The fly-on-the-wall details of Google allowing Pinterest to build a $75bn business parasitising Google Images is an untold story I'd love to hear. In the meantime, Chris Stokel-Walker's satisfying retelling of what happened will suffice: How Pinterest utterly ruined photo search on the internet.
Beloved by moodboard aficionados and wedding planners alike, the platform is hated by rank-and-file web surfers. It's not that it doesn't have its purpose; it's just that it intrudes on the search experience of pretty much everyone who doesn't want to use it. More than 28,000 Chrome users have installed Unpinterested!, an extension to remove Pinterest from Google search results, while countless others trade tips on how to craft search queries to exclude the photo-sharing website. The problem? Pinterest makes it obnoxiously difficult to view any image hosted on its platform without signing up for an account.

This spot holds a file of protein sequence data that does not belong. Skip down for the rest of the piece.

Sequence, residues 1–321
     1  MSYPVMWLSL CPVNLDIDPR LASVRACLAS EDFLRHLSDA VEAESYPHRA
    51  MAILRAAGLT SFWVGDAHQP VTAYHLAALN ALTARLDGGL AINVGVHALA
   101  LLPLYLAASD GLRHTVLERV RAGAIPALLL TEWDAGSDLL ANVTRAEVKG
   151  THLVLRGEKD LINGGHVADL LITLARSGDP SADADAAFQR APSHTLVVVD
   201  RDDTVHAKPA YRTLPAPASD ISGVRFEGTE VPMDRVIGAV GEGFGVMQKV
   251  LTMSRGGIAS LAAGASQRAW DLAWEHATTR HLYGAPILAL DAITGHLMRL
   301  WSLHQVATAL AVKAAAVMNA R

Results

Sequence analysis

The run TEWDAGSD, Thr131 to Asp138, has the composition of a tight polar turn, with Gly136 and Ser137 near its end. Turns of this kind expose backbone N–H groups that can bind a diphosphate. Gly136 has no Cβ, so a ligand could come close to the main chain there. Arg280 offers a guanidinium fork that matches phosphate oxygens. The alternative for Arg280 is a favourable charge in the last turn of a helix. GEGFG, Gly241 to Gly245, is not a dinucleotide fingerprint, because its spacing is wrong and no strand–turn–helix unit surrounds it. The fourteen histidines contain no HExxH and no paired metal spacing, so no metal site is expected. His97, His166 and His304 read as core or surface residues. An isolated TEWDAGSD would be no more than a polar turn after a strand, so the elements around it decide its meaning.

Google Images is carrion poisoned with risk. Perhaps Google never wanted to monetize or build out Images much for obvious legal reasons: so much liability, so close to its core products. But it's too prestigious to close down. Instead, the tendency has been to remove features and limit the usefulness of Goole Images on an on-demand basis. Who wants to work on a product so obviously subject to legal wrangling and bikeshedding? Pinterest probably got fat on it because it was the vulture that got there first, it could eat the risk, and stopping it would have just been another pointless expense.